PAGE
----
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  • Writer's pictureMegan Mariano

My Schedule in Middle School ELA & What my 60 Minute Blocks Look Like



Time. This is what all teachers want. Time to teach. Time to plan. Time to collaborate. Time for (useful) professional development.


Across the nation, schedules for teachers are inconsistent. Some districts give ELA teachers 40 minutes a day, others give 2 hours. Some teachers give loads of planning time, and others force teachers to cover classes during their only free time. This inconsistency is what leads to the students getting so many different types of education, some more valuable than others.


This post is to explain what is going on for me and what works and also doesn't work.


My Daily Schedule

So, each day is not EXACTLY the same, but my main ELA classes are the same time everyday. So, I teach 3 sections of ELA a day, each section is 1 hour long. I have a section of 7th and 2 sections of 6th.


3 days a week I teach a 41 minute class called Language Workshop. I get each class once a week for that (well, all 6th grades, so one class is with a group of students I do NOT have for regular ELA). This class was added due to them shortening my ELA time. In the past, I had 82 minute blocks everyday. They brought it down to 1 hour because they wanted to give Math more time so my time was sacrificed.


Due to this change from 82 minutes to 60 minutes, I now teach grammar and vocabulary (explicit and direct instruction) once a week in that 41 minute Workshop period. I do not teach it during my 60 minute blocks. Here are some things I do during that time.



Truthfully, this has evolved a lot since this blog post. I still use these on occassion, but I've also been using Patterns of Power and this fun Doodle Vocabulary.


Besides my 3x a week Workshop class and my daily 60 minute ELA classes, 3x a week I teach an RTI class to my struggling 6th graders. I also have a lunch duty once a week (yuck).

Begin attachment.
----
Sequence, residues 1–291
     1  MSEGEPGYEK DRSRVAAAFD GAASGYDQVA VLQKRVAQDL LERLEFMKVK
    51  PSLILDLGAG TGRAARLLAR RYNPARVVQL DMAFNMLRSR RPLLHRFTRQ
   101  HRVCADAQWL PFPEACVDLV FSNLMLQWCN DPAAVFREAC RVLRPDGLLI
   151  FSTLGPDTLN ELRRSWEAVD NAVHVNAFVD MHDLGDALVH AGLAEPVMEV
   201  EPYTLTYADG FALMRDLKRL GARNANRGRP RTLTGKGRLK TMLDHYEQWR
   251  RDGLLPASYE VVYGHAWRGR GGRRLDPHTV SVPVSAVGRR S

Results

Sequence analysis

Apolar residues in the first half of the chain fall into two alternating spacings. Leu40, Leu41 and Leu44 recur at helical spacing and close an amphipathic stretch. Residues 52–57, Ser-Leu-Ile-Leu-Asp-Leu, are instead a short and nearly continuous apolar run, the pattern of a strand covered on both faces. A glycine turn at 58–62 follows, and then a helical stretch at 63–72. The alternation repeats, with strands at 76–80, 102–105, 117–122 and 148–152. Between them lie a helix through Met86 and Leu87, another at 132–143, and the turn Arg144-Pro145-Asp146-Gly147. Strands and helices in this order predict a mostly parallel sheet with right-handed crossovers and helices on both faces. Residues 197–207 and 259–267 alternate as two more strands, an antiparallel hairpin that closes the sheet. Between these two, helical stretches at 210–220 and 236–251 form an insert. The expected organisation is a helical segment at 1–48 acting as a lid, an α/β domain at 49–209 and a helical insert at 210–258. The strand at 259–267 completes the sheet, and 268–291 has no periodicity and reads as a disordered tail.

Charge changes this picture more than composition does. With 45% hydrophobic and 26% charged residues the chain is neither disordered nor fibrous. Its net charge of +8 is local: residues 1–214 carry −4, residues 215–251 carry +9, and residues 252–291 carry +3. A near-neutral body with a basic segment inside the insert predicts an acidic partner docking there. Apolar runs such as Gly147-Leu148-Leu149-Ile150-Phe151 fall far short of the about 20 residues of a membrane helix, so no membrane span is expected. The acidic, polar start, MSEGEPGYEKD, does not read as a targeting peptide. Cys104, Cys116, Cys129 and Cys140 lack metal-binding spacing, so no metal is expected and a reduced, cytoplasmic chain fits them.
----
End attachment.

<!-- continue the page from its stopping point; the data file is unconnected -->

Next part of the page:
To save you the math, most days I will get an hour of prep time. Some days I get more, if I am lucky. I have a special assignment period twice a week that's 41 minutes in which I will be asked to cover classes. If they don't need me, it's more prep.


Do I Like My Schedule?

Short answer is...yes! At first, I was super grumpy about losing my 82 minute ELA class time. It's still a struggle getting it all done. I find many days, students just have to finish things at home and if they're focused the whole period, it's not much to finish.


However, this has given me more planning time! This is so necessary and I have been able to take less work home since the change. Honestly, I am still teaching the same amount I did before my class time was shortened.



What my ELA Block Looks Like

Background: I teach using my version of reading and writing workshop. It doesn't strictly follow it, but the basic structure follows it. Also, for reading, choice reading drives my instruction. I teach in units and alternate between reading and writing. So, I will do a month of reading, then a month of writing and so on.


  • 10 minutes: Students come and read. Every single day. Non-negotiable. Even if we are doing a writing unit.

  • 10-15 minutes: My read aloud is always geared toward a skill. I read chapter books, but a lot of times read excerpts as it can be difficult to read through the entire book. I only do a read aloud for a reading unit. If it's a writing, unit, I dedicate more time to students having writing time.

  • 10 minutes: Mini-lesson. If I am reading aloud prior, they get a minute or two to walk around and stretch. Otherwise, I go right into the main lesson, which is focused on a specific skill showing that skill with my read aloud or with my own writing piece written by me.

  • 5-15 minutes: This is partner work. This varies day to day, but they are often in physical notebooks here making lists, t-charts, etc. about either the read aloud or a shared text. I prompt them with something that will segway to their independent work.

  • 20-30 minutes: Independent work time is usually a bit longer for writing. I try to keep my direct instruction very short and allow them time to work. They do their work, based on my mini-lesson, with their own individually chosen books or writing topics.

  • 5 minutes or less: In the workshop model, closure is a huge deal and I remember having to write such a long one in my college lesson plans. Yea, it's not like that. I just tie up the lesson and that's it.

I get it all done in this time. I do not assign homework. Their only homework is to finish what they don't in class. I do assign some ongoing grammar work (No Red Ink or IXL) early in the week, but they have an advisory class to do that.


While I have a strict routine, I give students artsy activities to do after a unit.

Bottom Line

I am sorry for those of you that have less than an hour; I often feel pressed for time in an hour! But for those of you who are looking for structure, I hope this helps.


Read more about my day-to-day in the posts below:


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